Home > Mobile

iMessage reactions have started rolling out to the Google Messages beta

In the unending battle of the titans, iOS vs. Android, there are a few key points that keep users stuck and rallying for their preferred side. One of the selling points for iOS and Apple fanboys has been iMessage and its associated convenience and integration.

For the uninitiated, think of iMessage as a cross-breed of SMS and Instant messaging services like, say, WhatsApp or Telegram. All iPhone users are registered on iMessage and, as such, are able to seamlessly text their iOS peers with rich messages at no carrier cost, complete with nice blue bubbles. Everyone else (Android users) gets SMS with its green bubbles in Chat.

On this other camp, things are beginning to take shape with the introduction of RCS, SMS’ spiritual successor, with many of the rich text features offered by iMessage and Instant messaging platforms like WhatsApp. There have been challenges with harmonizing a unified platform as Android is a diverse ecosystem, with each OEM doing its own thing.

Google’s Messages has proved to be a solid choice and equivalent to iMessage, and today, many OEMs are ditching their own efforts in favor of Google Messages, effectively building a massive iOS equivalent with as many Android users as possible being on board. Added bonus is that it is easy for any Android user to get on board as the process involves downloading and installing Google Messages from the Google Play Store and using it as your default SMS app.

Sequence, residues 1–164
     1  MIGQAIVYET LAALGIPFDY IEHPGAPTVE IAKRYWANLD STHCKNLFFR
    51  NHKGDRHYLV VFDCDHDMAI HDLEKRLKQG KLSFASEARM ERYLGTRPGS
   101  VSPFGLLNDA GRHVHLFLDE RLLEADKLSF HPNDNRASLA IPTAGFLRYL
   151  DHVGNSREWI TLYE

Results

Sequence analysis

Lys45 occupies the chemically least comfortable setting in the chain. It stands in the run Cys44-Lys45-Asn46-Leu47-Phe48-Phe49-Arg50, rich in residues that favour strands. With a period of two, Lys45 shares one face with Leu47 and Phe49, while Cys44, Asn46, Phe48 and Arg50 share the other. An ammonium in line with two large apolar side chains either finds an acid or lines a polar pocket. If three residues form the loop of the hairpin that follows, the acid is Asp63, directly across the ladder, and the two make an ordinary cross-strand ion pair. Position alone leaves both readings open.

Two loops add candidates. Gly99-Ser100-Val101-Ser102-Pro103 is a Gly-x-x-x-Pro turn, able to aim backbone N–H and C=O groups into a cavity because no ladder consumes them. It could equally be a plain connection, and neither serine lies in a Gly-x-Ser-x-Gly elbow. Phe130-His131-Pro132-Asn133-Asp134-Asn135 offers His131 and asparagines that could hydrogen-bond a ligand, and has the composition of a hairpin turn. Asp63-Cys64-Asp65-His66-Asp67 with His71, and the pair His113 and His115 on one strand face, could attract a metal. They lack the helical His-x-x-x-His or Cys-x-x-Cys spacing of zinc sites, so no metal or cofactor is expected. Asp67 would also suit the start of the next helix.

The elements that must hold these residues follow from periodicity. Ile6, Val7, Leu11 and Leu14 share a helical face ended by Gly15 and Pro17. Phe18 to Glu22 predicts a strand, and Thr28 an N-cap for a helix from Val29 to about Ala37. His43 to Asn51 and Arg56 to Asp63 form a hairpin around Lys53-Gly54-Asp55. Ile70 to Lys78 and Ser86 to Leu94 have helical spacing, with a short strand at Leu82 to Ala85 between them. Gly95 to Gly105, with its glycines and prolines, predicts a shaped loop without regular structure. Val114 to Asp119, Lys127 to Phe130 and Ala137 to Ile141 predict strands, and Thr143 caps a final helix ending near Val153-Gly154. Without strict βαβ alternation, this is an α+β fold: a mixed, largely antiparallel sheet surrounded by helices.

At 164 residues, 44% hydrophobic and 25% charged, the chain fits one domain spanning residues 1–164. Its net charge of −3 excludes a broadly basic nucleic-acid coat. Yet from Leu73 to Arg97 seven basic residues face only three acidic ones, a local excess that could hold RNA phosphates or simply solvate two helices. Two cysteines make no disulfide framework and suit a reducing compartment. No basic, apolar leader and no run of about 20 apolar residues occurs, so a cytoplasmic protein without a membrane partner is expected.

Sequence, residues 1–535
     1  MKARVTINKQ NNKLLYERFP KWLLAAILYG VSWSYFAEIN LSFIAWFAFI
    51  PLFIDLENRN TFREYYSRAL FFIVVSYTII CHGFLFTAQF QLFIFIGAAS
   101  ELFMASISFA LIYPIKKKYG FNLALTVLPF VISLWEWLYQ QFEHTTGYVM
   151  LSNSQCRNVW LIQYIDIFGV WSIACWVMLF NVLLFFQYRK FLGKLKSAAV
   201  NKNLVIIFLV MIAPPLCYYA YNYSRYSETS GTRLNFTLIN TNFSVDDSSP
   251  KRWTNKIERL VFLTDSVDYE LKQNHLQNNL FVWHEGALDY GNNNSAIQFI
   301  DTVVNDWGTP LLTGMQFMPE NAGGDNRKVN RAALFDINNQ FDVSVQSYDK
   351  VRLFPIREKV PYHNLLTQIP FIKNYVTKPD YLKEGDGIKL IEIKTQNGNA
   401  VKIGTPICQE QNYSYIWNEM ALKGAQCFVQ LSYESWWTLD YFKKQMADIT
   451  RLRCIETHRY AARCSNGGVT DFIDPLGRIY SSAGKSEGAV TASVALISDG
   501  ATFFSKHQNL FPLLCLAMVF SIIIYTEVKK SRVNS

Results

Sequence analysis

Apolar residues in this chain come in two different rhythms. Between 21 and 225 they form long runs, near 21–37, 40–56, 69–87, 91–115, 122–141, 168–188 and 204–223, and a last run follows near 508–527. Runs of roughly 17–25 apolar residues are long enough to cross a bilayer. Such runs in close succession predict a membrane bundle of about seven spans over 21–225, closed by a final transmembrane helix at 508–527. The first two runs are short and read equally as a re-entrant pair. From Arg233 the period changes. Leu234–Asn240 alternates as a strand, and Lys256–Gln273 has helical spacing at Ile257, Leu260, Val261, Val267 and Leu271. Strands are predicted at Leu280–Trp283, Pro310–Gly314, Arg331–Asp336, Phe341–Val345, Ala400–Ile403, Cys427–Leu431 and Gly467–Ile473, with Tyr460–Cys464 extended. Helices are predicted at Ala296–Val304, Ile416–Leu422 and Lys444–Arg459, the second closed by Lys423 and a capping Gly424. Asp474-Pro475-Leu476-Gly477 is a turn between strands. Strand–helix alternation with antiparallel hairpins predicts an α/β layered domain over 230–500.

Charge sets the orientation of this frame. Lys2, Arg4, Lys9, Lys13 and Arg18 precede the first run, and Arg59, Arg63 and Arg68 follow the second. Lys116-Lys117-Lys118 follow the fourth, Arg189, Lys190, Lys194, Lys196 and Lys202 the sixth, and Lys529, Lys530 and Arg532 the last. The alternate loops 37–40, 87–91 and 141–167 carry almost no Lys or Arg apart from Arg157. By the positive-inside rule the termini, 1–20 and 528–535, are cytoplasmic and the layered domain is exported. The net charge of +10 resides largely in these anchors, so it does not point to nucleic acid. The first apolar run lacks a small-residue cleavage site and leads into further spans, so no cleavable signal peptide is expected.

So now, we have these massively opposed camps, Android users with their RCS and iPhone users with their iMessage. Naturally, these two shouldn’t be interoperable, but just like world peace isn’t exactly a far-fetched idea, these two camps can now play nice with each other.

This, as news reports have it that in Google Messages latest beta, iMessage reactions now appear correctly.

In the Google Messages Beta app teardown, there’s a string called “ios_reactions_mapping.” This, according to reports, does help the system to correctly transliterate these reaction messages from iMessage users. As seen on the attached screenshot above, tapping and holding reactions for details indicates that the message has been “Translated from iPhone.”

Admittedly, complete interoperability might not exactly be in the picture right now, but it is such little steps towards the right direction that help to bridge the gap. Maybe if this continues, we will have a world where these services are just a little better integrated for users not to feel the divide that is iMessage vs. Google Messages.

Was this article helpful?